• 2004, Expanded (Axis)
  • 2004, From the 21st part 1 (Axis)
  • 2004, From the 21st part 2 (Axis)
  • 2004, The Tomorrow Time Forgot (Axis)
  • 2005, Suspense/Dramatized (Axis)
  • 2005, Time Mechanic (Axis)
  • 2006, Blade Runner (Axis)
  • 2006, The Bells (Purpose Maker)
  • 2007, Natural World (Purpose Maker)
  • 2007, Systematic/The Sin (Axis)
  • 2008, Alpha Centauri (Axis)
  • 2008, FlyBy (Axis)
  • 2008, Eternity (Tomorrow)
  • 2008, Adjustments (Tomorrow)
  • 2009, Good Robot (Axis)
  • 2009, The Defender (Axis)
  • 2009, The Drummer (Purpose Maker)
  • 2009, The Drummer part 2 (Purpose Maker)
  • 2009, Something In The Sky (Something In The Sky)
  • 2010, The Drummer part 3 (Purpose Maker)
  • 2010, Something In The Sky 2 (Something In The Sky)
  • 2010, Something In The Sky 3 (Something In The Sky)
  • 2010, Something In The Sky 4 (Something In The Sky)
  • 2010, Something In The Sky 5 (Something In The Sky)
  • 2010, Something In The Sky 6 (Something In The Sky)
  • 2011, Something In The Sky 7 (Something In The Sky)
  • 2011, Beat Master (Axis)
  • 2011, The Power (Axis)
  • 2011, Star Chronicles (Tomorrow)
  • 2012, Something In The Sky 10 (Something In The Sky)
  • 2013, Something In The Sky 11 (Something In The Sky)
  • 2013, The Space Horizon (Axis)
  • 2014, What A Machine Believes (Axis)
  • 2014, Zones and Layers (Axis)
  • 2015, Exhibitionist 2 part 1 (Axis)[29]
  • 2018, Tomorrow Comes The Harvest (with Tony Allen) (Blue Note Records)


  • 2004, Exhibitionist (Axis/React/NEWS/Sonar)[30]
  • 2004, Three Ages (MK2)
  • 2006, The Bells – 10 Year Anniversary (Axis)
  • 2006, Blue Potential (with Monpelier Philharmonic Orchestra) (UWe)
  • 2013, Chronicles of Possible Worlds (Axis/Second Nature)
  • 2014, Man From Tomorrow (Axis)
  • 2015, Exhibitionist 2 (Axis)[30]


  1. ^ a b c d Cooper, Sean (June 18, 1963). "Jeff Mills – Music Biography, Credits and Discography". AllMusic. Retrieved September 28, 2012.
  2. ^ a b c d e Demby, Eric (February 15, 2001). "Detroit Techno Star Jeff Mills Finally Going Home". MTV News. Retrieved May 11, 2015.
  3. ^ "Jeff Mills to release Axis Records retrospective". Fact Mag. April 4, 2012. Retrieved June 28, 2015.
  4. ^ a b c d Turner, Zeke (January 16, 2015). "An American Techno D.J. Beloved Overseas Comes to Brooklyn". The New York Times. Retrieved May 11, 2015.
  5. ^ Jeff Mills a été élevé au rang d’officier des Arts et des Lettres, in Mixmag (French edition), May 2nd, 2017.
  6. ^ "Jeff Mills gets Down with FORWARD and 88". 88 Music Blog. Archived from the original on June 26, 2012. Retrieved June 25, 2012.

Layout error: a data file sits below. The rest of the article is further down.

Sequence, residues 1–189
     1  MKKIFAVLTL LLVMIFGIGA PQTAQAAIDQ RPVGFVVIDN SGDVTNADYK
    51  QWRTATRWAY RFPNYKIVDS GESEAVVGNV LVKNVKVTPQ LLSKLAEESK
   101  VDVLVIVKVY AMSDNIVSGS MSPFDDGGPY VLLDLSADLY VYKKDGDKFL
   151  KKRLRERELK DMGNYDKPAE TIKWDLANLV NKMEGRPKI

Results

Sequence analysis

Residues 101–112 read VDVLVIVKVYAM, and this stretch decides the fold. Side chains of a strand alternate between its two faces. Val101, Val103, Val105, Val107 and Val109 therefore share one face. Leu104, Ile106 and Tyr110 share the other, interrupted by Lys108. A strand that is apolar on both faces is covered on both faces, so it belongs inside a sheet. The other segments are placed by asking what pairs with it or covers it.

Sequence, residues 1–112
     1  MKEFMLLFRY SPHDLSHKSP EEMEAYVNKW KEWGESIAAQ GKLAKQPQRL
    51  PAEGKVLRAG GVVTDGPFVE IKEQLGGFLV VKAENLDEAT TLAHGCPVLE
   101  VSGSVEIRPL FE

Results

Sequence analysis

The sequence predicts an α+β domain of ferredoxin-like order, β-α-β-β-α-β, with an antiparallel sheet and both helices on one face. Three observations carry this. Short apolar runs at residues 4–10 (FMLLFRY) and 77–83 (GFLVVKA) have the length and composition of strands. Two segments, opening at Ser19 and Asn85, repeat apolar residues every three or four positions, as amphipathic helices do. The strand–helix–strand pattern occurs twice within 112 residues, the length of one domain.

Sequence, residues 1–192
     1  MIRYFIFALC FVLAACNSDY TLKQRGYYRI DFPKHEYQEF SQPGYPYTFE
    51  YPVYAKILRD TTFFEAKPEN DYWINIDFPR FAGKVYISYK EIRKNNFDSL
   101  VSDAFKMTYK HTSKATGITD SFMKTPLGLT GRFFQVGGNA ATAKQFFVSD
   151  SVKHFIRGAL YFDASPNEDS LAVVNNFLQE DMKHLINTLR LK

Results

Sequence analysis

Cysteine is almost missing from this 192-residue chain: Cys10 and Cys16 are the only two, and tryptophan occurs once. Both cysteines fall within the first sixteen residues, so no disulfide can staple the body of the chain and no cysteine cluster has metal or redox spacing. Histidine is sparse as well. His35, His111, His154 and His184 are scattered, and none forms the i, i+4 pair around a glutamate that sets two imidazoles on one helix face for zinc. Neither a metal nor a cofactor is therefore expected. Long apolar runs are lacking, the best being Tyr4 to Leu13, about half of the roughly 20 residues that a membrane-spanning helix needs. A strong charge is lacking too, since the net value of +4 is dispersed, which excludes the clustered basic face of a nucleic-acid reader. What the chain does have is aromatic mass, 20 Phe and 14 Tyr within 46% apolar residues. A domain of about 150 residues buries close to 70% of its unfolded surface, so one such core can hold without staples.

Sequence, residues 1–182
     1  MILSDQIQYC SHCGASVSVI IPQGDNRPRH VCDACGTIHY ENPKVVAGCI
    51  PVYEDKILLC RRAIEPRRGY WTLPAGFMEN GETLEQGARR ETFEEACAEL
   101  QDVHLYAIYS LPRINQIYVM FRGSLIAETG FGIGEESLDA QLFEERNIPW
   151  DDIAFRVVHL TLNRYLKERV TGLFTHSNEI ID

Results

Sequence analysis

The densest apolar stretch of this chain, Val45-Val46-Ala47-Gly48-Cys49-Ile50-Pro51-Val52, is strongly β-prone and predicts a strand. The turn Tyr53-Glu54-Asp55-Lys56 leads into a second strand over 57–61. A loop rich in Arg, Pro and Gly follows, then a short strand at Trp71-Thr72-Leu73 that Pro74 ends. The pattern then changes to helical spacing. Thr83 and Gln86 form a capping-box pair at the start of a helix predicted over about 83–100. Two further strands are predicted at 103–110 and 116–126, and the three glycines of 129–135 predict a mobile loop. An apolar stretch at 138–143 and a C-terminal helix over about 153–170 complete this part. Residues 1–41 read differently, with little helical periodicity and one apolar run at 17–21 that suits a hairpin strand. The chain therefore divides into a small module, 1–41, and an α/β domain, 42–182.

7. ^ "1981 Mackenzie High School Yearbook".
  8. ^ a b c d e Warren, Tamara (October 11, 2012). "Five questions with Jeff Mills, master DJ and founder of Axis Records". The Detroit Free Press. Retrieved May 11, 2015.
  9. ^ Schaub, Christopher (October 2009). "Beyond the Hood? Detroit Techno, Underground Resistance, and African American Metropolitan Identity Politics". Inter America. Retrieved May 11, 2015.
  10. ^ Wasacz, Walter. "Berlin, Detroit, and reinvention through creative industries". Southeast Michigan Startup. Retrieved June 11, 2015.
  11. ^ "Jeff Mills: la Detroit Techno infiamma i Magazzini Generali" (in French). November 14, 2014. Retrieved June 11, 2015.
  12. ^ Kakaire, Christine. "Techno icon Jeff Mills talks about 20 years of Axis Records and retiring The Wizard". BeatPort. Archived from the original on July 4, 2015. Retrieved June 11, 2015.
  13. ^ a b Dene, Lewis. "Jeff Mills Blue Potential Review". The BBC. Retrieved May 11, 2015.
  14. ^ a b c Palmer, Tamara (December 15, 2014). "Jeff Mills Debuts Live "Cine-Mix" in San Francisco". NBC Bay Area. Retrieved May 11, 2015.
  15. ^ Baines, Josh (February 17, 2015). "What Lies Beyond Tomorrow: In Conversation with Jeff Mills". Vice. Retrieved June 11, 2015.
  16. ^ "DJ Jeff Mills: The Man From Tomorrow". France 24. January 21, 2014. Retrieved June 11, 2015.
  17. ^ "Jeff Mills film, Man From Tomorrow, premieres in Paris". The Wire. Retrieved June 11, 2015.
  18. ^ Matthew, Terry (February 13, 2014). "Jeff Mills Man From Tomorrow". Channel 5 Chicago. Retrieved June 11, 2015.
  19. ^ Ryce, Andrew (September 18, 2014). "Jeff Mills behind new film, Life To Death And Back". Resident Advisor. Retrieved May 11, 2015.
  20. ^ Duncan, Chris (July 7, 2010). "Jeff Mills & Jackmaster at Sub Club". The Skinny. Retrieved June 28, 2015.
  21. ^ "Axis of the Primeval: Jeff Mills Talks Space, Time, Techno". SPIN. September 17, 2012.
  22. ^ "Jeff Mills celebrates the iconic Roland TR-909 through his history and cherished secrets". Mixmag. September 9, 2018. Retrieved February 8, 2022.
  23. ^ Eminem. "Groundhog Day Lyrics". Retrieved June 28, 2015.
  24. ^ "Jeff Mills". Retrieved June 28, 2015.
  25. ^ "Five Sound Questions To Jeff Mills". Everyday Listening. Retrieved June 28, 2015.
  26. ^ "Jeff Mills: Critical Arrangements / Le Futuisme Paris". Vernissage TV (in French). Retrieved July 3, 2015.
  27. ^ "Check out Jeff Mills' UFO-inspired drum machine". Fact Mag. April 28, 2015. Retrieved June 28, 2015.
  28. ^ "Jeff Mills Discography". Retrieved June 11, 2015.
  29. ^ Zlatopolsky, Ashley Jeff Mills: 'These visions aren’t supposed to come from black guys from Detroit' The Guardian. September 23, 2015
  30. ^ a b "We revisit The Wizard's groundbreaking Exhibitionsist film for TechnoTuesday". Retrieved June 11, 2015.

External links[edit]